Mitta’s new book discusses dark side of Indian history

Manoj Mitta spoke in Rockefeller Hall on Monday night in an event held by the Political Science department. His topic was his books, which deal with the impunity related to violence in Indian society. Photo By: Sam Pianello
Manoj Mitta spoke in Rockefeller Hall on Monday night in an event held by the Political Science department. His topic was his books, which deal with the impunity related to violence in Indian society. Photo By: Sam Pianello
Manoj Mitta spoke in Rockefeller Hall on Monday night in an event held by the Political Science department. His topic was his books, which deal with the impunity related to violence in Indian society. Photo By: Sam Pianello

In India, violence has become an integral part of the culture to a point that very few question it. But Manoj Mitta, senior editor at the Times of India, believes he has an obligation to his people to reveal the truth about instances of horrible violence in his society.

Mitta came to Vassar on Monday to talk about his new book, “The Fiction of Fact-Finding.” The book deals with the Gujarat riots, or pogrom, of 2002 in the Indian state of Gujarat, which resulted in the deaths of over 1000 people and the injury of thousands of others as the Hindu majority population attacked their Muslim neighbors.

The Gujarat riots in India have been an incredibly controversial issue, as the recently elected Prime Minister of India, Narendra Modi, had long been under suspicion of his involvement in the riots and failure to act to stop them until he was recently exonerated by a committee reviewing the events of the riot. But, in Mitta’s opinion, there is much that must still be brought to light regarding the riots and Modi’s involvement.

“These are issues that are very huge,” illuminated Mitta. “But almost no one has done anything on them.”

“The Fiction of Fact-Finding” is a spiritual successor to Mitta’s previous book, “When a Tree Shook Delhi,” published in 2008. Like “Fiction of Fact-Finding,” “When a Tree Shook Delhi” discusses one of the largest instances of violence in post-colonial Indian history. This event, the 1984 anti-Sikh massacres, was spurred on by the assassination of the Indian Prime Minister, Indira Gandhi, by members of her guard who happened to be Sikhs. Over the next four days nearly 3,000 Sikhs were killed in Delhi alone by the enraged populace.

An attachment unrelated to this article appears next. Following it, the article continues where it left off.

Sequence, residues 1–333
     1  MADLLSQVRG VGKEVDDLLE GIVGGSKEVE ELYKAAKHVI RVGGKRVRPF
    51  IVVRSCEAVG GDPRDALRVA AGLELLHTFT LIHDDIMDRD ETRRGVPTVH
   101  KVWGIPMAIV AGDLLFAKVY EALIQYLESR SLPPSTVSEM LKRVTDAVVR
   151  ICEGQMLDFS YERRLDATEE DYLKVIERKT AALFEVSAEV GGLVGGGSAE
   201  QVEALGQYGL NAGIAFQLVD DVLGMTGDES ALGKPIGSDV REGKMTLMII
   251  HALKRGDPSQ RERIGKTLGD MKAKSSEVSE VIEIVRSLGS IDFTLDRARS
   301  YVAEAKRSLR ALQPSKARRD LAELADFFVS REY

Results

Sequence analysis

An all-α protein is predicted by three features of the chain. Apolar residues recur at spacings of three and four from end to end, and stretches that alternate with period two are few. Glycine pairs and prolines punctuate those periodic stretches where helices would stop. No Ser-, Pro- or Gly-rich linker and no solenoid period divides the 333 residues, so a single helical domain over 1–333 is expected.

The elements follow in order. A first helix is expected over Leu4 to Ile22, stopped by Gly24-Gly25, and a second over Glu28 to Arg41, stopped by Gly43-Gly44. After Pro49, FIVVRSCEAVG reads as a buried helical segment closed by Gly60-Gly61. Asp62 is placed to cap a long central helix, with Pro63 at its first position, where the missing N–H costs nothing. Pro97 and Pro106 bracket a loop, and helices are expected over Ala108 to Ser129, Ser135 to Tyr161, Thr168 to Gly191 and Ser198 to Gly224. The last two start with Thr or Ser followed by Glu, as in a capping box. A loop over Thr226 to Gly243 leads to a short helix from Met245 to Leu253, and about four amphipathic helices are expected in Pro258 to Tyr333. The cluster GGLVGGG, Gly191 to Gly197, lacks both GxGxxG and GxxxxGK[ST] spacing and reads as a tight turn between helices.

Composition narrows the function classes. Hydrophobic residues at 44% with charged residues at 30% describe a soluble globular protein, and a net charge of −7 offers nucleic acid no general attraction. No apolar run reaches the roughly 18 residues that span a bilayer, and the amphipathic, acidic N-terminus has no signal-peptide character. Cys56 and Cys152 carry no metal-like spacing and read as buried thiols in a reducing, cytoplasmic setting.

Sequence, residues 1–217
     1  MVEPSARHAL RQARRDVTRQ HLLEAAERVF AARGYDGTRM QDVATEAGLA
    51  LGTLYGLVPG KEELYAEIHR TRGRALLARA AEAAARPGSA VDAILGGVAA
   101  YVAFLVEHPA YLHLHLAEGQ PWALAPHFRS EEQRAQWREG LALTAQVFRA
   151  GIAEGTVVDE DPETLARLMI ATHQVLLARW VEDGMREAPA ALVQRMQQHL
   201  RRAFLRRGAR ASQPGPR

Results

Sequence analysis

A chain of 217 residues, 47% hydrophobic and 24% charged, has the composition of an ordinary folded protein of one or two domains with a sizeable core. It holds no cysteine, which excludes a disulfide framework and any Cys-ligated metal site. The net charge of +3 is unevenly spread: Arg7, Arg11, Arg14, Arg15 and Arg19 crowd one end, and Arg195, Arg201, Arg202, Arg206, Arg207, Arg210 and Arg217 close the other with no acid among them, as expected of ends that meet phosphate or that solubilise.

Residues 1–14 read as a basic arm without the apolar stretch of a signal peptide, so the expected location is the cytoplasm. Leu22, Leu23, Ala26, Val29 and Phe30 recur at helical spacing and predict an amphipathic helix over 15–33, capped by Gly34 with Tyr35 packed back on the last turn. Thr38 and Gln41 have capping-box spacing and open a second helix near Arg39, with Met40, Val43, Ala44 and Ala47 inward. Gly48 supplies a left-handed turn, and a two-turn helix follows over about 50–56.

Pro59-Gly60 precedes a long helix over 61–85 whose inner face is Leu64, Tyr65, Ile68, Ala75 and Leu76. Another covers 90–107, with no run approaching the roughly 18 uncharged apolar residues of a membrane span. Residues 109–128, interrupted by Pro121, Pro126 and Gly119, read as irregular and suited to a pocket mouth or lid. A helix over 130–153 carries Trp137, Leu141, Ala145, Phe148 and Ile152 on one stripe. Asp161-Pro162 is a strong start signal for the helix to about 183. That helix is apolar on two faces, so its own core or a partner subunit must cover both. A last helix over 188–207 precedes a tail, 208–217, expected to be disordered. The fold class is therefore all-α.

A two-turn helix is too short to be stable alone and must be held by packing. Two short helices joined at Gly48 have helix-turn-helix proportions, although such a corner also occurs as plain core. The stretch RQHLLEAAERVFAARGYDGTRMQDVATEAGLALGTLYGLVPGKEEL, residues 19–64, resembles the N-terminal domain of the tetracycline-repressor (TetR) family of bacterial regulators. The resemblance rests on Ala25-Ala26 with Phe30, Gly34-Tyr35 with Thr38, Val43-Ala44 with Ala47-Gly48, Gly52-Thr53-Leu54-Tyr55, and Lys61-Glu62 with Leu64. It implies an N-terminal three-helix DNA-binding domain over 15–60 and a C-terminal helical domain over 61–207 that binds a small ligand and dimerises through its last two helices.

According to Mitta, the Delhi death toll of the 1984 riots is officially stated as 2,733 lives lost. However, in the 30 years since the riots, only 30 people have been convicted for their part in the massacres in 12 separate murder cases, leaving the killers of well over 2,000 people still at large.

“This is the kind of culture we have in India. The documents [and reports of the attacks] weren’t available to the people,” Mitta said. “In America, issues of lesser scale cause a much bigger uproar.”

Mitta made a comparison to the September 11, 2001 terrorist attacks in New York City, which had a similarly large number of deaths as the Delhi pogroms of 1984. He compared the massive reaction of the United States to his own nation’s handling of the ‘84 riots. Where 9/11 has spawned huge amounts of literature and other forms of media discussing the attack, Mitta’s book is the only published book that delves in detail into the 1984 massacre.

To Mitta, it is a solemn responsibility to try and bring the truth of the Gujarat and Delhi riots to light.

“There has been very little justice for these people [the victims of the massacres],” said Mitta. “I feel I owe it to my society to explore these areas of violence.”